Cloth and Computer Screen: Meet Kate Nartker
By Cameron Walker
Shadowy images from home videos flicker across the screen: long-ago parades, a now-grown child on a seesaw, a family station wagon. But the medium isn’t film; it’s fabric. Kate Nartker, new assistant professor for the Department of Textile and Apparel, Technology and Management (TATM) in the Wilson College of Textiles at NC State, creates her art where cloth meets computer screen.
“The driving idea behind a lot of my work is exploring perception,” she said. “Haptic perception is something that I researched in graduate school, a way of looking where the eye operates as an organ of touch…I’ve explored this idea through digital printing, through weaving, through animation, different techniques and design applications and fine art.”
Through Jacquard weaving and digital printing, Nartker produces works — both still and animated — imbued with a sense of nostalgia.
“Jacquard weaving is different than weaving on other looms because each thread can be lifted individually, so you’re not confined to a repeat pattern,” she said. “This is how you can weave an image or pattern that looks almost photographic, because it’s almost like a pixelated image. You can get this insane level of detail…Basically I start with a video, I render out a series of sequential images that I then weave. I scan the weaving back into digital format, then animate those woven images. It’s basically like a stop-motion animation, but the frames are coming from woven imagery.”
Nartker’s work is currently showing in “If You Have Ghosts” at the Alabama Contemporary Art Center in Mobile, Alabama. She has shown internationally at galleries, art centers and museums up and down the West Coast, in Texas, South Carolina and Mexico — even Norway, alongside photorealist painter Chuck Close in a show curated by craft expert Glenn Adamson. She has secured several scholarships, including a work-study at the Penland School of Craft in the Blue Ridge Mountains of North Carolina and the Split Rock Arts Program at the University of Minnesota. She was awarded the Lia Cook Residency at the California College of the Arts, the Creative Promise Award from the Surface Design Association and the American Association of University Women (AAUW) Career Development Grant, among other distinctions.
But art was not always in the cards. She was born in the small town of Napoleon, Ohio, and graduated in 2002 from the Ohio State University in Columbus. She liked the idea of majoring in art and took a lot of art classes, but she was not sufficiently interested in drawing, photography or ceramics to make any of them her career. She ultimately majored in Comparative Studies and moved to San Francisco, California after graduation.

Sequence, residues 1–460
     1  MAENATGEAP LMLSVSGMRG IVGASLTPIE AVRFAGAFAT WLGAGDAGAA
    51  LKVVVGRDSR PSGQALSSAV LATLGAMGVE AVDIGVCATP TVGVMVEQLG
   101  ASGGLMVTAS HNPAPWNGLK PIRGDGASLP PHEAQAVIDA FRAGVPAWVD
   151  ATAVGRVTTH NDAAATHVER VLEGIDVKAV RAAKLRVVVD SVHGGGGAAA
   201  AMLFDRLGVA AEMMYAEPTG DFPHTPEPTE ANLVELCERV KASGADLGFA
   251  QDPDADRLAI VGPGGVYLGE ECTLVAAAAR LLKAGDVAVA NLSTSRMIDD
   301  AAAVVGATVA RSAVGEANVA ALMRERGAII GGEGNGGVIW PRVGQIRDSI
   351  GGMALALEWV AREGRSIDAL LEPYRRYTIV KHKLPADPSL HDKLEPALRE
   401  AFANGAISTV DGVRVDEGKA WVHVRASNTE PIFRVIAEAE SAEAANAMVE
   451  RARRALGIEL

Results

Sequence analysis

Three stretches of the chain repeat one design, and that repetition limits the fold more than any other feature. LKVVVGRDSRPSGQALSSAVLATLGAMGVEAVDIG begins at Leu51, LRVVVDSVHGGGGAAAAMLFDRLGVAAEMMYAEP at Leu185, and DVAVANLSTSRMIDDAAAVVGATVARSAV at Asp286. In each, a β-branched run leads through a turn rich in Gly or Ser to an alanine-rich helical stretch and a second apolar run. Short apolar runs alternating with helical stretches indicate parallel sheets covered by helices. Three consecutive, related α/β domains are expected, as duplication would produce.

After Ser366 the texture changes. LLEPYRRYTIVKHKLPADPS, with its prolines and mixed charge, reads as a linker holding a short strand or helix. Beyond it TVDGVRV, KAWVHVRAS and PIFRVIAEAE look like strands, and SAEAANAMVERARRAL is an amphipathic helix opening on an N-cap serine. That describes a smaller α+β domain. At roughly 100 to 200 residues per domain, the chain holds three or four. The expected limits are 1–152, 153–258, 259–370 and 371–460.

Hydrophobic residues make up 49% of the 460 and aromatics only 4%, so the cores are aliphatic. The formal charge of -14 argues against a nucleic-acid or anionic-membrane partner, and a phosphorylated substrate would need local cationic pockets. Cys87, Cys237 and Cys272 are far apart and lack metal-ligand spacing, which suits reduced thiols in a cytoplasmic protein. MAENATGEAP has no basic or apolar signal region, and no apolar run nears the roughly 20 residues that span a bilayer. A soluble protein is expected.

As a teen, Nartker learned to sew from her grandmother, and later took sewing classes at fabric and craft stores. In San Francisco, she attended a small private school called Apparel Arts, where she earned a certificate in flat pattern drafting. But she was more interested in the textiles than what they could be made into, so she began taking classes at San Francisco State University, where she learned how to weave, dye and print textiles. After building a portfolio, she applied and was accepted to the MFA program at the California College of the Arts in San Francisco. After graduation in 2012, she taught as a lecturer at San Francisco State University, and in 2019, she moved to North Carolina and joined our faculty here at the Wilson College of Textiles. She currently teaches a design skills workshop, where she introduces students to garment construction and familiarizes them with the specialized equipment in the apparel lab.
“Using these techniques and ideas that I’m really interested in and having the chance to wrestle with them with students is really such a privilege,” she said. “I love being one of the people to introduce them to the potential of what textiles can do. [They] may not have a lot of experience or…yet fully know the potential of the medium, and I think it’s really exciting to work with students and see them discover that.”
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